The new reform package for sugar agreed in Brussels on Thursday (24 November) has triggered a mixed reaction from industry stakeholders.

NFU sugar chairman Mike Blacker said the deal, which is based on a 36% price cut over four years, with 64% compensation and a four-year industry restructuring scheme, at least ended the uncertainty hanging over the sector.

“We have achieved many of our objectives,” he said. “We have avoided a compulsory quota cut and decoupling has been agreed throughout Europe, with one or two exceptions.

“However, the extent of the price cuts will be extremely painful, and we regret the special deals that have been done for some countries.”

These include additional quota allocations and the ability to keep some compensation tied to production in member states which surrender more than half their quota.

NFU president Tim Bennett said much of the devil would be in the detail and called on British Sugar to ensure that growers got a fair price.

“The NFU will also want further talks with the secretary of state on the allocation of compensation for the steep price cuts.”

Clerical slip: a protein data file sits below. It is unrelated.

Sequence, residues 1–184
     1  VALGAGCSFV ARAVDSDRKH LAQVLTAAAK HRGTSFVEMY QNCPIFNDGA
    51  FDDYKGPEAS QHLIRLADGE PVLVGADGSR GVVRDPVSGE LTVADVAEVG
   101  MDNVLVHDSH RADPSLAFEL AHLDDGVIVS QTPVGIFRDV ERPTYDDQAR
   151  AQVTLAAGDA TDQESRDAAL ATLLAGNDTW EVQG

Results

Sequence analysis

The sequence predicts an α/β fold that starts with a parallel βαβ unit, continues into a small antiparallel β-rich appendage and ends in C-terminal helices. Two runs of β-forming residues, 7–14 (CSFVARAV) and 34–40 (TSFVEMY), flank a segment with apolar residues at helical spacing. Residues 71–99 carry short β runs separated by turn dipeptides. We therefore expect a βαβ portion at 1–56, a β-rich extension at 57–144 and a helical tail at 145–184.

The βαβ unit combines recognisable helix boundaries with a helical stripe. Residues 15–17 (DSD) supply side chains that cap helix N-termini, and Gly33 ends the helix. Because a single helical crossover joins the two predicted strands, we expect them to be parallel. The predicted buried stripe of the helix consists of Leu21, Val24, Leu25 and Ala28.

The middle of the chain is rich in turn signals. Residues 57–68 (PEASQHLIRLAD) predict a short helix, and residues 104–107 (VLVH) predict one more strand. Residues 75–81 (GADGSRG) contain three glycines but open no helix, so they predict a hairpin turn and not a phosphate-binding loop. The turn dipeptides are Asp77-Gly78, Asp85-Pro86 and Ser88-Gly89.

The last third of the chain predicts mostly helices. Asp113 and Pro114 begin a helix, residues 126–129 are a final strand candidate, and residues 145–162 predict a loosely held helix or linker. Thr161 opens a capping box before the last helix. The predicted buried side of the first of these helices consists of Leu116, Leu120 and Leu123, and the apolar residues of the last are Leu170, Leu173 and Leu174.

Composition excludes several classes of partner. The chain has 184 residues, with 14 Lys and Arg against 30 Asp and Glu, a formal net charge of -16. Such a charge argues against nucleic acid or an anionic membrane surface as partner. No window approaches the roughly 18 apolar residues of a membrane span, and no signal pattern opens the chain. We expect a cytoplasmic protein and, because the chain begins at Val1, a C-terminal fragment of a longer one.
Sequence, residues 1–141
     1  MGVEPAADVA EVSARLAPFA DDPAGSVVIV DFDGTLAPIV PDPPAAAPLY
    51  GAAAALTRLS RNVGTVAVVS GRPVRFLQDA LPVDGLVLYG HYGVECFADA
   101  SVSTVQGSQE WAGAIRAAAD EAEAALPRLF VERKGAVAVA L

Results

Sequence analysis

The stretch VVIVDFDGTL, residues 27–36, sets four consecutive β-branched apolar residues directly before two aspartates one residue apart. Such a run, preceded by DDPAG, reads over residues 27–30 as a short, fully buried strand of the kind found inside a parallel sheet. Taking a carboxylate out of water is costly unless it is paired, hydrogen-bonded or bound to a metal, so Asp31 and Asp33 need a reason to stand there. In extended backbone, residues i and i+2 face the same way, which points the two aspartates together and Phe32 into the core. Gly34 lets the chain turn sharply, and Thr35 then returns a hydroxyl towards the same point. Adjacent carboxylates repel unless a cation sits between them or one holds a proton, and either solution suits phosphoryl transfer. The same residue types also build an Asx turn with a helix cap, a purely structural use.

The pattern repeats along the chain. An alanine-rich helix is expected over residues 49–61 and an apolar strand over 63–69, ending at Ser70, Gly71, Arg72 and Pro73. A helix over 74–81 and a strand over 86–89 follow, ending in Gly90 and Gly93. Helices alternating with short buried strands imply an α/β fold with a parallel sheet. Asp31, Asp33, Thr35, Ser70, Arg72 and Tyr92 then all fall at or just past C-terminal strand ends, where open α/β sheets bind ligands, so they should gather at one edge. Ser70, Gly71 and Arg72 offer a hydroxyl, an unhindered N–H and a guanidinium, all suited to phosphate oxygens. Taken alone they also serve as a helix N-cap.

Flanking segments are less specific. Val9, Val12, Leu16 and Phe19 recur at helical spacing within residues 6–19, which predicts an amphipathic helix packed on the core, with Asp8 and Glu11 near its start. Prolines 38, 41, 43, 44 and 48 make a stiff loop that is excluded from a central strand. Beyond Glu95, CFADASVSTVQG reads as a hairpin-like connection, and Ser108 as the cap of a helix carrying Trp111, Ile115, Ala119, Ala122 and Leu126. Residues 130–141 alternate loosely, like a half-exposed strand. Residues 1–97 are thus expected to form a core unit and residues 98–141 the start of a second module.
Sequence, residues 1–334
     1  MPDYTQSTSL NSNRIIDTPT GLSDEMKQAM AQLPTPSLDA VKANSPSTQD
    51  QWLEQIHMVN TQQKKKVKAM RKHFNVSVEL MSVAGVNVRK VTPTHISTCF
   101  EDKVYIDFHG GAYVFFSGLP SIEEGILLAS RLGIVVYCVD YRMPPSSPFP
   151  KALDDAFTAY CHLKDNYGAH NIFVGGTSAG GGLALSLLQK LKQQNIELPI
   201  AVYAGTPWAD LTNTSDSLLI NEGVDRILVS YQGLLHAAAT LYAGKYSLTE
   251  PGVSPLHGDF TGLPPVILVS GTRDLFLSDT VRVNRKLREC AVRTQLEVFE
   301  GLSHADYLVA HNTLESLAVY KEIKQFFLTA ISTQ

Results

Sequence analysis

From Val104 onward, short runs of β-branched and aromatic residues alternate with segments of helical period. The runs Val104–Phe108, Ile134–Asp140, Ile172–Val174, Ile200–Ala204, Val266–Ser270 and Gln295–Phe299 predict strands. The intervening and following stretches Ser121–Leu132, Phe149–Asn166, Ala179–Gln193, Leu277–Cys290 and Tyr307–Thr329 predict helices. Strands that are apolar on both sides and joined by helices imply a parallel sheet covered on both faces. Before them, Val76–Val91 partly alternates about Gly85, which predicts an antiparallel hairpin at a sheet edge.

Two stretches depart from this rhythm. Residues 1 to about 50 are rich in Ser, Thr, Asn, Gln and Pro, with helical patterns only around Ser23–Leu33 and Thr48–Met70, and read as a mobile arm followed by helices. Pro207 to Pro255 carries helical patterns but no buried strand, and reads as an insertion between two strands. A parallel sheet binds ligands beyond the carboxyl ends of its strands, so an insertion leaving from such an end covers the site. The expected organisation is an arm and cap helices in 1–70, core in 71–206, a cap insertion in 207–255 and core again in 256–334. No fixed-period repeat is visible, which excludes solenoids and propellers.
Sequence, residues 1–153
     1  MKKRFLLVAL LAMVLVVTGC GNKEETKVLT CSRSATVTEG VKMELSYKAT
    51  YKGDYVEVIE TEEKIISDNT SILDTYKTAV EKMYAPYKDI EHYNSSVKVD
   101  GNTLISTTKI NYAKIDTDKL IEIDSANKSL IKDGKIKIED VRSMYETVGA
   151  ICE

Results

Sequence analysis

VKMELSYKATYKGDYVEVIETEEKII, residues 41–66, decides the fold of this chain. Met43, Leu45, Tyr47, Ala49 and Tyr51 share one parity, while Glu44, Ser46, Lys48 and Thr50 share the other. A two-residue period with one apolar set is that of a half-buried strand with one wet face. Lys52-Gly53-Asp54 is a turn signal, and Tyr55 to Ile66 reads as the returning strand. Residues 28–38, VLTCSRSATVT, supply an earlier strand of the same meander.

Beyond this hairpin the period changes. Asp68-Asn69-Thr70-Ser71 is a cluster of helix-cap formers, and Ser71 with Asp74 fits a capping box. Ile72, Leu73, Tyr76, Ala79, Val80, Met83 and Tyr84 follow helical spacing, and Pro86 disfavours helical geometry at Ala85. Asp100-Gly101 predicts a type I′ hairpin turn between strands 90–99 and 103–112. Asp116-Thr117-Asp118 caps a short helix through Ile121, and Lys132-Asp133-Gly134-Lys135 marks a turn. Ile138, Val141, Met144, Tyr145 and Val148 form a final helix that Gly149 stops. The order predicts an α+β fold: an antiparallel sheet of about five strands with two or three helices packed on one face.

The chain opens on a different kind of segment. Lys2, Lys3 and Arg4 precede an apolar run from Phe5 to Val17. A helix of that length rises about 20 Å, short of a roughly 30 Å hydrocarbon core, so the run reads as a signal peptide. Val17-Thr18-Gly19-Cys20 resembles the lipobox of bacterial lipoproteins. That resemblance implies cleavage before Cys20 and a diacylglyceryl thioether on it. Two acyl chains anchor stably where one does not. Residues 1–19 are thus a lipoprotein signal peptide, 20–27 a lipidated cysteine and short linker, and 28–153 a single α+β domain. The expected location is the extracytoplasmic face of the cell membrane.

There are fears that, if this is subsumed into the single farm payment and shared out among all UK farmers, sugar beet growers will be at a competitive disadvantage to their EU competitors.

The sugar reform has drawn stern criticism from Third World lobby groups, who complain that, while huge sums of money will be made abvailable to EU processors and growers in the form of restructuring aid and compensation, Third world suppliers will lose out badly.

The deal actually includes a sum of €40m to help African, Caribbean and Pacific countries whose preferential access is being hit by the lower EU prices, with the promise of more money in future years.

But the amount available to the EU industry exceeds €7bn, claims Oxfam.

“The commission has hurled money at its member states to convince them to sign up (to the deal), but has abandoned some of the world’s poorest countries to destitution,” said head of Oxfam in Brussels, Luis Morago.

He also criticised a part of the deal which requires the commission to consider import restrictions, should imports from any developing country increase by more than 25% each year. “This is a direct betrayal of promises to grant full duty and quota free access for LDCs from 2009 under the eveything-but-arms initiative.”

The reform package has not gone down well in Ireland either, where it is assumed that the one remaining sugar factory will close.

Irish Farmers’ Association president John Dillon said it was “a bleak day for Irish tillage farmers”. “The compensation proposed is totally inadequate for the devastation of the industry.”

But Irish agriculture minister Mary Cloughlan said the final deal provided the Irish sugar sector with time and a range of options, with up to €310m available for compensation and restructuring.

Some €44m of this would go direct to growers if sugar beet production ceased in Ireland.